Basically, I wanted to make a Jack-of-All-Trades hero without necessarily making him the strongest character in the game (though most attempts at doing so ended up making the hero the strongest character anyway). Rather, he's supposed to be the character with the highest potential for customization, i.e., you can really turn him into anything you like.

edited 10th Nov '12 10:38:50 AM by judasmartel

Then what you are really aiming for is a high customizability in the game. This doesn't make the hero the Jack of All Stats, it just means his specialization is set by the player.
 22 Shirow Shirow, Sat, 10th Nov '12 12:33:23 PM from Land of maple syrup Relationship Status: In Lesbians with you
Saintia SHOU!
[up] Bingo. That's the way you should go.

Hell, when I was a kid playing the original Front Mission (I love the fact that I can say that) I was really happy I could make Lloyd a "Missiler" type pilot with the right setup. He had an absolutely devastating loadout that could crush most enemy mecha at a safe distance, but needed considerable backup to stay effective. The game obviously never encourages this setup, but I found it a lot of fun that they still let you do it if you played your cards right.
"Well, of course they'd be "colorful" - they're male battle-whores." - Nomuru2d
Vae Victus
Honestly if you give any character customisation potential they will probably end up overpowered anyway. The most likely scenario is the player will take their Jack of All Stats main character, pick a specialty that suits their playstyle, and stick all their skill points in that area (as an example, a player who wants to specialise in physical attacks puts all their points into strength). The only way you'd get around that is to cap the MC's stat growth, and your players will probably not like that.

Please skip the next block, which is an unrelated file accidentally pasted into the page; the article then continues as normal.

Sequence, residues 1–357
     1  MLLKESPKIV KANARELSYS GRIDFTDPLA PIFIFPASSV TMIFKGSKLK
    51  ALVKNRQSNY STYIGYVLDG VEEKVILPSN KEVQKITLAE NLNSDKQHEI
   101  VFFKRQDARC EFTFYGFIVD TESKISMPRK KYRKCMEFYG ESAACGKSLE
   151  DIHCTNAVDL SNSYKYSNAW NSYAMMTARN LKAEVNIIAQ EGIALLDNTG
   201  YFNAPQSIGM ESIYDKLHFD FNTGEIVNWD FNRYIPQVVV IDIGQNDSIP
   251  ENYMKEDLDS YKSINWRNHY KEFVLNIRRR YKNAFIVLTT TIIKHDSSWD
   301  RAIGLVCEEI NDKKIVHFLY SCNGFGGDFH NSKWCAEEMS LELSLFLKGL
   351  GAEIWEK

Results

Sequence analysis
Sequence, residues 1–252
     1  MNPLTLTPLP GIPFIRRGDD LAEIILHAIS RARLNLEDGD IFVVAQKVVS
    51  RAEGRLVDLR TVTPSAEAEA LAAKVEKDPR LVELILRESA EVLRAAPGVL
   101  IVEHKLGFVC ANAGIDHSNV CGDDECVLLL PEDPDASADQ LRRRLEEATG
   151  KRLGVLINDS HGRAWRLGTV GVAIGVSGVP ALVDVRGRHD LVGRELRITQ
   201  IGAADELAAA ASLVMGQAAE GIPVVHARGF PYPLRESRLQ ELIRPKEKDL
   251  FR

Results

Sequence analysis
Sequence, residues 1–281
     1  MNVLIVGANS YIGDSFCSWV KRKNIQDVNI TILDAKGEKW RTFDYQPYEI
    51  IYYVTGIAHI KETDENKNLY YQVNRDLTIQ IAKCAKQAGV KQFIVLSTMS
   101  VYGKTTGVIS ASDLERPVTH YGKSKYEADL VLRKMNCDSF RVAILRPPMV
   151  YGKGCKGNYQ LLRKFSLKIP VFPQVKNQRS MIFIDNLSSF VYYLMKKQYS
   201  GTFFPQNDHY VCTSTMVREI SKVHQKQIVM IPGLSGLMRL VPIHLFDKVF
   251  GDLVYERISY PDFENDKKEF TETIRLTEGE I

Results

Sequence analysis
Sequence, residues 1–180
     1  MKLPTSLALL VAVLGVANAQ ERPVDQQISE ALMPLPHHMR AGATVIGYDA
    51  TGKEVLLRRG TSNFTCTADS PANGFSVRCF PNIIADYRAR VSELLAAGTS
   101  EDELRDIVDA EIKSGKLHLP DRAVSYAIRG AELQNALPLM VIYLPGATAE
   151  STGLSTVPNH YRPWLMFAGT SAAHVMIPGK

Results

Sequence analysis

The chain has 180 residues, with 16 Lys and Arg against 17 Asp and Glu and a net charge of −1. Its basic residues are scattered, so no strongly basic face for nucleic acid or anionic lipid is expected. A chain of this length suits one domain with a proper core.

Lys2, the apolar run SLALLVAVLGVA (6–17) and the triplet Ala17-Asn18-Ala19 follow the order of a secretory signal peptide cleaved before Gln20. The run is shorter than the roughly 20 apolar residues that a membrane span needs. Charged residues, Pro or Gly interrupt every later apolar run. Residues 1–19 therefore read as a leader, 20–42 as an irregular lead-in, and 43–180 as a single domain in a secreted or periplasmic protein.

If you need some examples of great games that cast the MC as a blank slate for the player to customise, look no further than the Shin Megami Tensei games. Nocturne, Persona 3 and 4, and Digital Devil Saga 1 and 2 all start out with the main character as a Jack of All Stats. By the end they are normally far and away the best character.

You aren't really going to get around this. The main character is the player's avatar in the game world, and the one through which the story is being told, so it's natural for the player to want that character to be powerful, especially if they cant be switched out. If you try to force the Jack-of-All-Trades template, players will likely react unfavorably.

About the only way I can see around the problem is to not have a main character. Case in point, Final Fantasy XII has a nominal protagonist in Vaan, but the hero is obviously Ashe, and Vaan's use is never forced (except at the beginning when he's your only character). When I played it I ignored Vaan entirely and treated Ashe as the main character, and I never felt like the game was forcing the choice of protagonist.
Accelolita's Butler
I do of course recognize that the Jack of All Stats hero usually ends up being the strongest character in the game. Nonetheless, I kinda like it when the hero starts out as a Jack, considering that Glass Cannon or Fragile Speedster heroes are now not unheard of unlike in the olden times when some of them are Mighty Glaciers by default.

Could use him for nice Eigen Plots though. If the plot calls for s psrty which lacks magic in a level where some but not all enemies are resistant to physical attacks, he can double as a mage. If the plot calls for a party filled with mages in a level where some enemies are resistant to magic attacks or can take out the mages in one or two hits, he can serve as a Lightning Bruiser Party Tank.

edited 10th Nov '12 2:09:56 PM by judasmartel

Vae Victus
Oh I'm not saying that a generalist character can't be useful. They are very useful for filling holes in a party lineup if a specialist is unusable for whatever reason, or for building on the strengths of the party by adding a member who can assume multiple roles to cover any weaknesses. Just that if you're dead set on designating a character as a generalist, you might not want to make them your MC for reasons I outlined above.

Or maybe, if you wanted to make the generalist customisable, you could make it so that only the specialist characters have access to the uber-level abilities of their discipline, while the generalist has access to a final Limit Break or something that is useful in all situations. That way, the generalist MC can be powerful, without outshining the other party members in their roles.
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Total posts: 25